As to the person of Ignatius , about whom Corwin  is careful in her inference, she yet characterizes his “pitiless …self-revelation,”  sees a sense of both “failure and authority”,   “anxiety over the church”  ,  “delight in martyrdom” contrasted with the “unsteadiness of his own courage”    Here, even when studied as but an early Father, he is obviously in some anguish. The  psychobiographer moving beyond the historical clinician which Erik Erikson was, e.g. on Luther, to expresses a personal and, for his pain, sympathetic reaction to the human being inferable from his letters.  Men were described from the outside in those days, as with Plutarch, but with the same brain and sensitivities of modern humans, we must assume unrevealed psychodynamics. In accounting for Ignatius, that he is a bit paranoid should not be surprising, given his inferred vision of himself as being a second Christ. There is some grandiosity in that.. But, one keeps in mind he did have many enemies,  some of whom close to him, by his own suspicious account and the very situation of his assembly in a suspicious world.  B. Cornelius likes his saints better when they are granted their personal pain and imperfections.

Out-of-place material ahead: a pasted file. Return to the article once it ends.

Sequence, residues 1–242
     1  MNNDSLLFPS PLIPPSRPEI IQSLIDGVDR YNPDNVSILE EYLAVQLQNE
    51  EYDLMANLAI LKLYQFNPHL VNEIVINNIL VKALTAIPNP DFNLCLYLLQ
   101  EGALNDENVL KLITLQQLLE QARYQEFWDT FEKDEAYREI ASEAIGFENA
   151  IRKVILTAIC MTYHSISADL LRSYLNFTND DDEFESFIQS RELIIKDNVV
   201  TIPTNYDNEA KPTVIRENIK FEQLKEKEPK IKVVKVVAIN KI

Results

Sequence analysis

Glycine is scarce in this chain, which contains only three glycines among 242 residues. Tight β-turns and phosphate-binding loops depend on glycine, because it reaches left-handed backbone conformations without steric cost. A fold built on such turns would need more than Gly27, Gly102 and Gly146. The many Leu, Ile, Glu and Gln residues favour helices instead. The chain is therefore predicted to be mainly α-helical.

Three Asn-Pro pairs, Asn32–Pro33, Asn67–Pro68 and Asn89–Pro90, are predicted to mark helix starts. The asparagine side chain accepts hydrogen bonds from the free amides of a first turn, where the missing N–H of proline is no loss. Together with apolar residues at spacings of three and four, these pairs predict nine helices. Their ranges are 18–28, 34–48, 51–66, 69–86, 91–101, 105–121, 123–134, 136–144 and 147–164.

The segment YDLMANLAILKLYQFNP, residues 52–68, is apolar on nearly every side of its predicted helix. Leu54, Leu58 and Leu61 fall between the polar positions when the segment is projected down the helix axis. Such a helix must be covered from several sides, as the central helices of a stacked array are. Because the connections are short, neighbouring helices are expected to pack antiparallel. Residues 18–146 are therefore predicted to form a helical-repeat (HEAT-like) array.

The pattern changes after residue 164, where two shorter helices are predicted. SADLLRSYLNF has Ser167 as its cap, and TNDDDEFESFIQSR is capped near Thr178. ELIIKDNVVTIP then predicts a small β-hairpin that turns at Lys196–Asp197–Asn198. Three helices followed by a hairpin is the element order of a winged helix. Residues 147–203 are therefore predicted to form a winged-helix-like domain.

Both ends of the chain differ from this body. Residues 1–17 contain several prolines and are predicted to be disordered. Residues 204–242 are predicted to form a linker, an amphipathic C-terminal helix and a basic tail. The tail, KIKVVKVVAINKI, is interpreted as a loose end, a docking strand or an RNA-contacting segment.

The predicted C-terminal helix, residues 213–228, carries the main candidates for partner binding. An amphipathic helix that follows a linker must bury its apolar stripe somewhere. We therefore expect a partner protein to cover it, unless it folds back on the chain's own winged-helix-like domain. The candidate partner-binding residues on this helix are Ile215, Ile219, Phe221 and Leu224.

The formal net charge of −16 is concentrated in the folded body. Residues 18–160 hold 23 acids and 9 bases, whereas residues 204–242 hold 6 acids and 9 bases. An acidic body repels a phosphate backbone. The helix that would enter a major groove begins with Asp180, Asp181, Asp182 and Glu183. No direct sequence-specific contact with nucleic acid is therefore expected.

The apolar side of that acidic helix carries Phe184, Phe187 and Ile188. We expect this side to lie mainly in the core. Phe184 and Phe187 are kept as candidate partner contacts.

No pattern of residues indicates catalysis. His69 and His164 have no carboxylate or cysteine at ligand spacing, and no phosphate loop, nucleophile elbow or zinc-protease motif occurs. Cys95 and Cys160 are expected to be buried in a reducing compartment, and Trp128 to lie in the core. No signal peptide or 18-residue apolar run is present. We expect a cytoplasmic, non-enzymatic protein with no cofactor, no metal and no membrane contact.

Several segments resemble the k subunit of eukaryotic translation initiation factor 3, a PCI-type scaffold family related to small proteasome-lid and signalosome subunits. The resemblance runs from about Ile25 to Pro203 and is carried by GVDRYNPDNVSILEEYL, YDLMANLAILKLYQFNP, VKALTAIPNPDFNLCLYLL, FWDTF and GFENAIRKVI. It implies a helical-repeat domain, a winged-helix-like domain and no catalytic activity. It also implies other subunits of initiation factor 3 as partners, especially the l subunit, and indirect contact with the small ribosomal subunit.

Respecting the events, including time of  Ignatius death, B. Cornelius opts for a his own view, that quite possibly erroneous, but then such records of the time there are, are likely that.  If one holds that all accounts of the time are reliable, face honestly the nature of the contemporary, ‘objective”, that is current historians’ debates, Jesus, and that most critical of events, resurrection. Consider all of the elaborations, revelations, possible revisions in oral history that followed to become one or another version, doctrinal or scholarly, of Christianity. Or quite different versions among Muslims.  No ground has been greater tilled by scholars than this, yet most Christians tilling it grant certain assumptions as given. So too with Ignatius of whom, recounting him, even the most careful scholar must say only, “probably” (e.g. Koenigsberger in the 1965 Brittanica, vol. 11, p 270